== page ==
One of Eberhardt’s post-humus translators, Robert Bononno, describes her as “an artist and a rebel, [who] eschewed the conventions of bourgeois society (French, Swiss, and Russian), despised city life, sympathised with the Algerian people's plight during the height of French colonialism, dressed as a man, drank to excess, smoked kif, and was an outstanding equestrian. She spoke Arabic, studied Islam, became a Muslim, married a native spahi, and was initiated into the religious confraternity of the Qadiriya.”

Isabelle wrote of her travels in many books and French newspapers, including Nouvelles Algériennes ("Algerian Short Stories") (1905), Dans l'Ombre Chaude de l'Islam ("In the Warm Shadow of Islam") (1906), and Les journaliers ("The Day Laborers") (1922). She started working as a war reporter in the South of Oran in 1903.

Nicky Gardner, a travel writer and editor of Hidden Europe Magazine writes in [2012] about one of Eberhardt’s books, Dans l’ombre chaude de l’Islam; In the Warm Shadow of Islam:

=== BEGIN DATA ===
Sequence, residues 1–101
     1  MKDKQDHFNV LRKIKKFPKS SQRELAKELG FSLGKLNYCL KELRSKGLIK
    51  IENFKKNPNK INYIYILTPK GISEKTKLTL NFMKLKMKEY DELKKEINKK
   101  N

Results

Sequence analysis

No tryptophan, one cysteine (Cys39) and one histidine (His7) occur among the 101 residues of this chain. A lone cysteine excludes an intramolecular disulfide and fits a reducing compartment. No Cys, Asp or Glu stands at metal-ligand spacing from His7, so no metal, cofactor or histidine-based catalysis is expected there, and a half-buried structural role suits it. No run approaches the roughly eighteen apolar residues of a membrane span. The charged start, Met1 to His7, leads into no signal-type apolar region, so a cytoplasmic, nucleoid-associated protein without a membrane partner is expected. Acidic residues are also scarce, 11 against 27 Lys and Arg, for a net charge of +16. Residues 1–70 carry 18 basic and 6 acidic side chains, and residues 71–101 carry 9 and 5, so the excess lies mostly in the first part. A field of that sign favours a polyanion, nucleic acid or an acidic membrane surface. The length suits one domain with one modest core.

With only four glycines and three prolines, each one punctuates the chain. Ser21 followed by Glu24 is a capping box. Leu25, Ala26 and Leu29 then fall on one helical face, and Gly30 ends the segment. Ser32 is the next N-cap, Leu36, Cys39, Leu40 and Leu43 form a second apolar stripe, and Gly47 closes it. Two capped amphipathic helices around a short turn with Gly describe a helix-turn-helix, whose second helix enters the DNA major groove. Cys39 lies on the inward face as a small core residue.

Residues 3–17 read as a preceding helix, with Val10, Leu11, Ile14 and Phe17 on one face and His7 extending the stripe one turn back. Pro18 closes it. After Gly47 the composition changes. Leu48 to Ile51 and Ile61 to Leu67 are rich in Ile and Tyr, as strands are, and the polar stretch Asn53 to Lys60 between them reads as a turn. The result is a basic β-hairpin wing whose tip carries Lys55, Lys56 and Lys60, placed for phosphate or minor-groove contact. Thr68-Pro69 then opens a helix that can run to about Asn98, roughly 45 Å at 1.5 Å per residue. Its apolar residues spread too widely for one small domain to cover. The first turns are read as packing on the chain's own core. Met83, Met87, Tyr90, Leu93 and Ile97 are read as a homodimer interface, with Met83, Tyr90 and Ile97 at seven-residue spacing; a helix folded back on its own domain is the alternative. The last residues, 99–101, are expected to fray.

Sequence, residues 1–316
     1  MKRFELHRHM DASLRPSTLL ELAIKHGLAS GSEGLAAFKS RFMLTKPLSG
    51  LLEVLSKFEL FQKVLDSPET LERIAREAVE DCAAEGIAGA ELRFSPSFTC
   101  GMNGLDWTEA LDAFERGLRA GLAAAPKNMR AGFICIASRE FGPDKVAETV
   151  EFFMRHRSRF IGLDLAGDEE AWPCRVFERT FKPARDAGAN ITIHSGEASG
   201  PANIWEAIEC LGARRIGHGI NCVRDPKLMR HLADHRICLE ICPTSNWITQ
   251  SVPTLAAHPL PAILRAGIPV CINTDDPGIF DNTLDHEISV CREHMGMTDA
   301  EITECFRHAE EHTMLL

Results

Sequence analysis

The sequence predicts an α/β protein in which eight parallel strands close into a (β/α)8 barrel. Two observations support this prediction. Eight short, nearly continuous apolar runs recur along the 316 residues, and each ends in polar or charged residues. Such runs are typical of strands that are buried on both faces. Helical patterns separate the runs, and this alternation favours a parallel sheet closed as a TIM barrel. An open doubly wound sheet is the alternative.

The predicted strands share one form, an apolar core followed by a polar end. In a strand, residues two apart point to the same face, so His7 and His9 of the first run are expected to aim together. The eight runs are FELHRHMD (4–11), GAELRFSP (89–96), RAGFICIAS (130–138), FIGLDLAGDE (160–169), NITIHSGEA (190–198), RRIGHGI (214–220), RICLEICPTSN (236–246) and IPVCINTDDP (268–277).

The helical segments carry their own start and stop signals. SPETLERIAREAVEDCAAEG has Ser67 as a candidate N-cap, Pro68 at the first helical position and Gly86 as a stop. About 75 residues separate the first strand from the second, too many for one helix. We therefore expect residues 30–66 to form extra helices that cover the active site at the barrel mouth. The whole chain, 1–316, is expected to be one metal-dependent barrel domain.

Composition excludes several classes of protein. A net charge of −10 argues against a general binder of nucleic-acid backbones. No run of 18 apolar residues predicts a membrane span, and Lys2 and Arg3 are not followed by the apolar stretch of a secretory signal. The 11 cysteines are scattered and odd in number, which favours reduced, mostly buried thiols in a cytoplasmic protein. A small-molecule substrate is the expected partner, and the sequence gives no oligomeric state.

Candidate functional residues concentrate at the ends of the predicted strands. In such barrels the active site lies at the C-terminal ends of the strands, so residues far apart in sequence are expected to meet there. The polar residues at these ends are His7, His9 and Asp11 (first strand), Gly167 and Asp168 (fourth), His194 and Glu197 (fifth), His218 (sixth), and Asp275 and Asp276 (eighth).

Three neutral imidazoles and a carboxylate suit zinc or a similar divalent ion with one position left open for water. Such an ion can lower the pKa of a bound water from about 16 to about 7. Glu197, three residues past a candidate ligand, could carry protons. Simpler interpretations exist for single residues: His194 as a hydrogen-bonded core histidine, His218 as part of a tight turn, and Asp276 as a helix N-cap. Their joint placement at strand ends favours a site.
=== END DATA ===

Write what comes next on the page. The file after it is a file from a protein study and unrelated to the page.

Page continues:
“Dans l’ombre chaude de l’Islam is a wonderful book, but in my view the English title is an atrocity. The title of the French original, Dans l’ombre chaude de l’Islam, is superb. It is full of passion and warmth. It invites the reader to smell the blossoming pomegranates of the oasis. It pulls the reader into the dead heat of noon in the ksar and to the welcome shade of the mosque. The English title dwells on fear more than an enveloping warmth. Was this imposed by the translator or the publisher? I suspect the latter. It’s a cheap trick, one that plays on public apprehension of Islam. In the desert every shadow, every fragment of shade, is something to be cherished. The title Dans l’ombre chaude de l’Islam captures Eberhardt’s life perfectly and positively. The English title just does not work in the same way. That the paperback edition has on the front cover a quote from the Daily Telegraph, a sentence so full of fear of Islam, just adds insult to injury. Throw in a marketing man’s back-cover blurb on ’authenticity’ and you have one of the worst book-covers ever. Prayers and dreams should live forever. Isabelle Eberhardt gives her all to make sure they do. Read the French original if you can. But, if you go for the English translation, just ignore the title and the cover blurb.”